Like many other cultures, the South Asian community has its own set of traditions and customs especially when it comes to love, relationships and marriage. However, many western cultures are joined with the SA culture in its views on values and morals especially when tender young hearts are involved. Many parents believe that certain rules and guidelines need to be in place for young people when it comes to dating and relationships – often a certain age is cited when a child could date and sometimes there is no permission to date at all. The main purpose of dating allows both the boy and the girl to get to know one another, but more importantly get to know themselves and trust their instincts. The SA community for the most part, does not believe in dating and it is sometimes done in secret. But in the end, all parents want to do is to keep their children safe from harm and heartbreak, regardless of their culture.
I have always considered myself a good and obedient daughter, but recently something has happened that has me questioning both myself and my parents’ wishes. My family is traditional Pakistani and does not believe in marriage or dating outside my culture. At University, however, I met a young man who is not of my culture studying in the same program together. We became close study buddies and I guess love blossomed from this. I do not consider myself to have dated him, and we have not done anything physical, but he asked me on a date the other day and I am at a quandary. I really do care for him but am not allowed to date without my parents’ approval. The gentleman in question is of Italian descent and is Roman Catholic but I feel as if I love him anyway. Didi how do I get my parents to agree with my heart? Am I being disobedient in wanting to be with him? I am so confused I do not know what to do. Please, any advice you can give will be most welcome.
Confused and Alone
Always know that you are a good and obedient daughter – you have already proven that since you have made decisions that you have felt were right for you and your parents who have guided you up until this point. That’s all that can be expected of you. Understand, that as much as parents try to be everything to their children, sometimes they just don’t know what to do or say until they are coached themselves by their children. One thing that we don’t often get from our South Asian parents is guidance when it comes to relationships and what we should look for in our partner. Often people fixate on the sexual part of a relationship rather than the emotional aspect of it – and talking about sex makes quite a few people uncomfortable. It certainly is a subject that is taboo and off-limits in polite company, as they say. You have said that there is nothing physical about your relationship which allows us to focus on the relationship and falling in love. South Asian community has families with many different variants of comfort between the parents and their children. I would urge you to speak with your mother or a female member of your family to talk about their views on relationships which will give you some insight. What they have found has worked in their relationships and things that haven’t. Although it seems like it is the early days, this may very well lead to love and marriage so you need to be prepared for a reaction from your family if you go to them with this relationship. This conversation with your mother will let you know where they are coming from. Also talk to your friend – be honest with him and tell him that you had always viewed him as a friend and him asking you out now may change your friendship. Remember that Catholics have been raised with very strict rules and guidelines regarding marriage and relationships; therefore, he would be familiar with some of the same constraints that you face. Be completely honest with him about your thoughts and feelings… and your lack of experience with dating and relationships. If he cares about you and wants to be part of your life, he will understand and support you as you go on this journey with you to see where this leads. If it’s friendship – it could be a friendship that lasts a lifetime or if it doesn’t work out you will have learned something or if it becomes more, you will be able to built a strong foundation that will allow you to feel you are no longer alone and certainly not confused. You just may have found your life partner!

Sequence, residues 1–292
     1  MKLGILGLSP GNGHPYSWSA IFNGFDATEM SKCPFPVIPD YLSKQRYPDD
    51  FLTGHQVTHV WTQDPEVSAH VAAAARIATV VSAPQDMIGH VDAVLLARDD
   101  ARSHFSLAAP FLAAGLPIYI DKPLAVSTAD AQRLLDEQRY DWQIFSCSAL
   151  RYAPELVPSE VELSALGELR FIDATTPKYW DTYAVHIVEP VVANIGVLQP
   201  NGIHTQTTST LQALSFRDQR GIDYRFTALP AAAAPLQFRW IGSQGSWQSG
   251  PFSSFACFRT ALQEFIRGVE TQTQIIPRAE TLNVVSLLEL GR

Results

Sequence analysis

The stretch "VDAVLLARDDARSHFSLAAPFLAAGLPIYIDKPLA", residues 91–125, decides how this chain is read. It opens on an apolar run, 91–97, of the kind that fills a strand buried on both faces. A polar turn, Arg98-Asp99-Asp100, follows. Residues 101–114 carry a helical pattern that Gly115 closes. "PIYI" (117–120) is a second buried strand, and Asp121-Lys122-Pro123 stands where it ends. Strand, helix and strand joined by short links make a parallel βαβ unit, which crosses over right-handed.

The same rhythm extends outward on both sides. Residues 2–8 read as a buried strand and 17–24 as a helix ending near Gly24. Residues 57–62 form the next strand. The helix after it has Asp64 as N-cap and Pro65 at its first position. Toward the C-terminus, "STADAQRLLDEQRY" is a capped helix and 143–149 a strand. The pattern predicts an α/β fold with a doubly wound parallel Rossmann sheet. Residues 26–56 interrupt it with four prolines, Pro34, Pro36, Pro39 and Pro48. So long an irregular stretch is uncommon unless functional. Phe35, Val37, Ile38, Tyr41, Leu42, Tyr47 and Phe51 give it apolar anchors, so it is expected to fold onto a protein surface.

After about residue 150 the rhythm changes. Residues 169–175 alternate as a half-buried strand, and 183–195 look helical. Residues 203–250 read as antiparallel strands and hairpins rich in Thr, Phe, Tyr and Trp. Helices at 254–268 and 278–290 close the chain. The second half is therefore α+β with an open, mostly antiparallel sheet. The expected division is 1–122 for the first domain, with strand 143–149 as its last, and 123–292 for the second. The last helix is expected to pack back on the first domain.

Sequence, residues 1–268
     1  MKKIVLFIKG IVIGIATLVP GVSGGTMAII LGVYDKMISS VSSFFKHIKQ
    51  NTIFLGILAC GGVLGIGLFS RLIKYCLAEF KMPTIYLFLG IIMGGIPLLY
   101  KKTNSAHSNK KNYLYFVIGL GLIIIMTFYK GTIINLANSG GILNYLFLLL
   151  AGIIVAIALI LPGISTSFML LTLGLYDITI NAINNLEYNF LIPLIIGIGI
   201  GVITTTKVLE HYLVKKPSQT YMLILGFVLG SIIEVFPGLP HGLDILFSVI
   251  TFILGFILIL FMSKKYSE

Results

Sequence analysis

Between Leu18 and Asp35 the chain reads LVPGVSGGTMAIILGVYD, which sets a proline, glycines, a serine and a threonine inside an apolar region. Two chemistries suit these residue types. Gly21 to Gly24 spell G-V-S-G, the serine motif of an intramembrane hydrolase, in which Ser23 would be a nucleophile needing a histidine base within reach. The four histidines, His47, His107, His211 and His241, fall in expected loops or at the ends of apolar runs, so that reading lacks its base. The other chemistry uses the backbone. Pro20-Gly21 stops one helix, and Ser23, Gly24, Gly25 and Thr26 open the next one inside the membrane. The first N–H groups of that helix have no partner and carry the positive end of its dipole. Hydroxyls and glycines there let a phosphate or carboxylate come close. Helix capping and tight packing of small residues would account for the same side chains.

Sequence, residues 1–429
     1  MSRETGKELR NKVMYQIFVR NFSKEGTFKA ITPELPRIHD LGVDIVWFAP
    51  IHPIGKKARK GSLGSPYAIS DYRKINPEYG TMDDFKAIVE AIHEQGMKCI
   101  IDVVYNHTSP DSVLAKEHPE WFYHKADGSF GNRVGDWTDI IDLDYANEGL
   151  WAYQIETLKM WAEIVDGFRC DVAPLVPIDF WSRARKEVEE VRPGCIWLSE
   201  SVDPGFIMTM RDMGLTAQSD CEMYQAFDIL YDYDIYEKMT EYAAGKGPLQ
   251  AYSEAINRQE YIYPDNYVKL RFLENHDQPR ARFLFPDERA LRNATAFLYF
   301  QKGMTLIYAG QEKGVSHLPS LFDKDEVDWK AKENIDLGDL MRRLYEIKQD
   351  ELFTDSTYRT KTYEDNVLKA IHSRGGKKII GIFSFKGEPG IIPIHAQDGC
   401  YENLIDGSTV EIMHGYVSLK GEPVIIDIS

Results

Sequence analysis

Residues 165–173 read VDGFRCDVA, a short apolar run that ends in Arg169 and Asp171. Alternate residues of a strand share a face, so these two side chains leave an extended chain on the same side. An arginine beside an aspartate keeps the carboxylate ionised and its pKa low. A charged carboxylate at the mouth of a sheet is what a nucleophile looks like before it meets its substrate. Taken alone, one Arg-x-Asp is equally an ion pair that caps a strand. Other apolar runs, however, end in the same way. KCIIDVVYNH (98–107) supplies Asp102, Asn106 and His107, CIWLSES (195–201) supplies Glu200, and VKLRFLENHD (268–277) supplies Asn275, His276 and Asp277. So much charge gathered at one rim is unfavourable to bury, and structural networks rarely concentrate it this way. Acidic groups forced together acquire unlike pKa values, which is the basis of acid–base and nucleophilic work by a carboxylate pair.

I too have a very close relationship with my parents. I remember when I went to university and my first year was very difficult. I had always been a good and obedient daughter which I wanted to continue even though I was out of sight far away. I even asked permission from my parents to go to a mixer dance at the start of the school year. At the time it seemed a bit silly but there was actually a conversation that occurred that I still remember to this day. A young South Asian boy who was on my brother’s floor at residence made a snide remark that many SA girls had a secret life from their parents when they move away from home. He said that my parents probably didn’t even know that I was going to a dance – I was able to tell him with confidence that yes I had told them and they were aware. It was always important to me to preserve the trust and respect between myself and my parents. I am very different than my other siblings and therefore, I wanted things unlike what my parents had ever heard of before. I was breaking new ground. I was opening them up to new things. I was letting them know that I was still the same little girl that I had always been but having new experiences that was shaping the person that I was becoming. That I was growing up but I wanted to make sure that I was communicating with my parents so they too could come along for the ride.
Thinking back what was your first relationship… and how did it turn out?
By Kulbinder Saran Caldwell, CPC